Overview of Metrics I Use with Utah.gov

If you wish to be successful with your digital government initiatives, you must measure. Without reasonably good metrics you have no way to determine success and no way to gauge how you should direct your resources. Putting up a website is not a measure of success. You really need to understand what that website is accomplishing and numbers are the best way to tell the story.


I measure almost everything we do with Utah.gov. It begins with the portal itself. I have used various tools to measure what is happening there, but after using various tools such as WebTrends, have settled on Google Analytics. It allows me to do many things, several of which I will mention.

  • Unique visitors – I don’t look at hits ever because it has so many variables. Unique visitors is a measure I always want to increase year over year and I maintain a separate chart where I transfer the monthly stats so I can track it over time even if my tools change.
  • Time spent – I need to understand how my users are doing at accomplishing what they want to do. Are they finding other interesting things?
  • Bandwidth – What is the average bandwidth of our users’ connections? What percent are on broadband? This has everything to do with the kind of experience we can provide for the user.
  • Browser – Do I understand how many are accessing the site from a mobile platform? Which mobile platforms are they using? Have I tested for their experience so that I understand it?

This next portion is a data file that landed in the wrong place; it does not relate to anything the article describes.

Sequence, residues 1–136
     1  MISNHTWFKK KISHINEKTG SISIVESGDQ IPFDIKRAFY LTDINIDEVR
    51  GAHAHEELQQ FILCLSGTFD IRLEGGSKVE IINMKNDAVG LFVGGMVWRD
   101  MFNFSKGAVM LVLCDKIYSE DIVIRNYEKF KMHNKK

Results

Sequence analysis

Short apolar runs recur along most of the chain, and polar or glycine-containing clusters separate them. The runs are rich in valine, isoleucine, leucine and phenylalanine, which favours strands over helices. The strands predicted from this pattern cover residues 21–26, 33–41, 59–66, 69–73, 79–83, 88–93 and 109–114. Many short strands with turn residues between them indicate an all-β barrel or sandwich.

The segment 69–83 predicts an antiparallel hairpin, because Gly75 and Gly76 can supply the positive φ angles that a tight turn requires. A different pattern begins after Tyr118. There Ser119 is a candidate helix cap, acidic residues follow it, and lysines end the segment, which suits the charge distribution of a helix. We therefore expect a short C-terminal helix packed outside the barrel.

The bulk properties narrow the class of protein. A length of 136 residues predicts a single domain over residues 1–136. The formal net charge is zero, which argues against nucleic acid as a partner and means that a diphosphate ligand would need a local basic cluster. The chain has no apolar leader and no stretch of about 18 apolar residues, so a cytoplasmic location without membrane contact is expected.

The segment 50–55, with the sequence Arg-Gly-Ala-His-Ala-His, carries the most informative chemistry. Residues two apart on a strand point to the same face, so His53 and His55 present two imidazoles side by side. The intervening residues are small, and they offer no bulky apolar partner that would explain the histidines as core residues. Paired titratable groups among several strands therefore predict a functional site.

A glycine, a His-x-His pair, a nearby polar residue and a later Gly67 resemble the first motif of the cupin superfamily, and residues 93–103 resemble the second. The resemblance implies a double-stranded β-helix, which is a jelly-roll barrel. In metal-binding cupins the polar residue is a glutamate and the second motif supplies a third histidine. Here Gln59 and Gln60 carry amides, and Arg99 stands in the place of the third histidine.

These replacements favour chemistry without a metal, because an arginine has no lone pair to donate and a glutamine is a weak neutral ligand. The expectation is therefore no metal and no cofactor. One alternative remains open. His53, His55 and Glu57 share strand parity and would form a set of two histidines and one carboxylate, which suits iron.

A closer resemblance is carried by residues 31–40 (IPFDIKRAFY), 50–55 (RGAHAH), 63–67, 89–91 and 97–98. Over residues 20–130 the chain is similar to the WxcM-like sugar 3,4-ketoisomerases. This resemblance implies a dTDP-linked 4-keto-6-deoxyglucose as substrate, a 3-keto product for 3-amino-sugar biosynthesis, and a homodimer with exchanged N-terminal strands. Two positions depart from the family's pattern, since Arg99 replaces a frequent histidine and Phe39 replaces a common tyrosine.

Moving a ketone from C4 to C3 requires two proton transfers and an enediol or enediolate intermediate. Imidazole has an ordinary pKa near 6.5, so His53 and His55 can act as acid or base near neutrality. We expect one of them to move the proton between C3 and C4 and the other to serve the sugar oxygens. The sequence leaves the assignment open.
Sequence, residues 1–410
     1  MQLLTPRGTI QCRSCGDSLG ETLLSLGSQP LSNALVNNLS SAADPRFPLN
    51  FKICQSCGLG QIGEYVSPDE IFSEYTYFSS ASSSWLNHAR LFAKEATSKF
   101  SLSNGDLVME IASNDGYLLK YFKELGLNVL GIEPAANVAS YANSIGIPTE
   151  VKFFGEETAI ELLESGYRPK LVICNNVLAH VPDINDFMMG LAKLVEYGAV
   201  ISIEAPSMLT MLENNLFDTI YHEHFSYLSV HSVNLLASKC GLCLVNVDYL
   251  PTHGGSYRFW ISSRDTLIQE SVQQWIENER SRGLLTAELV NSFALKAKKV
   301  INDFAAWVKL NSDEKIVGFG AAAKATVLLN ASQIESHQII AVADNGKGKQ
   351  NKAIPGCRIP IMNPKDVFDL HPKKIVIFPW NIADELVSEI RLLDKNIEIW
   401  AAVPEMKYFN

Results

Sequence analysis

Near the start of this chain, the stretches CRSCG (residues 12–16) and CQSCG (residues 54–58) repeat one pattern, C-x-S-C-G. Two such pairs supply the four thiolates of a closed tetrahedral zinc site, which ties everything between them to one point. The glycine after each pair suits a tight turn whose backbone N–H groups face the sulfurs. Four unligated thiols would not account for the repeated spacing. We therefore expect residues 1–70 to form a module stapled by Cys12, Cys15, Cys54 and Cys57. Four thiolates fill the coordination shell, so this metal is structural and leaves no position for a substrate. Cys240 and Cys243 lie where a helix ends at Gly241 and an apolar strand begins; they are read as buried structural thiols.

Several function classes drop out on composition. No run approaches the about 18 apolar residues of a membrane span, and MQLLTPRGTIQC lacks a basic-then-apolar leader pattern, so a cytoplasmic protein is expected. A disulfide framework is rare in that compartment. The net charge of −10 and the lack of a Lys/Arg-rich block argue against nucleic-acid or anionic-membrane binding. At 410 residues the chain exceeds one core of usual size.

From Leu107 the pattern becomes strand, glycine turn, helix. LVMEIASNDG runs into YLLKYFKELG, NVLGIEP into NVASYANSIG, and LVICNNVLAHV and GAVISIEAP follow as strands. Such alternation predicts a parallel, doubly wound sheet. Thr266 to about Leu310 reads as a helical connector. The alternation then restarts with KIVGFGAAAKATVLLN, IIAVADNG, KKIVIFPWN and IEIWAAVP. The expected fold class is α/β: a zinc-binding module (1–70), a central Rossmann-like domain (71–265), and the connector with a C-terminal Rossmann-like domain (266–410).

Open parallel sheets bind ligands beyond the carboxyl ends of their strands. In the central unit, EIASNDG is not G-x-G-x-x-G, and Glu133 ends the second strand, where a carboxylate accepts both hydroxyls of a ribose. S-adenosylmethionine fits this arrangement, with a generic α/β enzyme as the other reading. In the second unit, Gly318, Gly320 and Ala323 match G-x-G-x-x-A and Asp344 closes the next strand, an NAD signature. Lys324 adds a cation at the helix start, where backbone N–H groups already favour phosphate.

Because our domain is somewhat distributed, I use various other tools to measure what is happening domain-wide. Compete.com has an excellent service which I use to compare Utah.gov to surrounding states and egov leaders such as Virginia, Washington, California, and Michigan. I will usually weight this based on population and then try to understand what those who are doing a good job are doing. Quantcast is another excellent tool for understanding the demographics of those who are using your site.

It would be easy to stop here, but I think this is really not even the minimum of what you need to do. I want to get as granular as I can with metrics but for now, I will just mention several more that I use on at least a weekly basis.

  • Majestic SEO – Search engine optimization is a key factor in any successful website. Be sure you are backlinked from important relevant sites. This site will help you measure how successful your SEO efforts are. For example, here’s a look at one of our more popular sub-domains.
  • Click-through measurement – Don’t forget to measure your social media efforts. We have over 150 state and local agencies in Utah that use Twitter. Be sure to measure the click-through rates of your links to understand what your readers are most interested in by using a tool like bit.ly or go.usa.gov.
  • Google Chrome Extensions. I use quite a few of these to have immediate access to all kinds of information. For now, I will recommend Chrome SEO, but there are many more.
We also use a variety of custom measurement tools to track the use of our online services and measure customer feedback. I review these at least twice a month. These are critical. There are a growing number of good 2.0 feedback tools that you shouldn’t hesitate to try like Get Satisfaction or User Voice.

Like I mentioned earlier, this overview is a minimalist approach. Once you establish a routine pattern for tracking and reporting on these items, there will be other things you want to know and other tools you will want to add to your portfolio.

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Profile Photo Steve Ressler

That’s fantastic. We use Google Analytics as well.

I also try to look at visitor loyalty and recency. As well as the top content, so we can maximize and make it easier to find.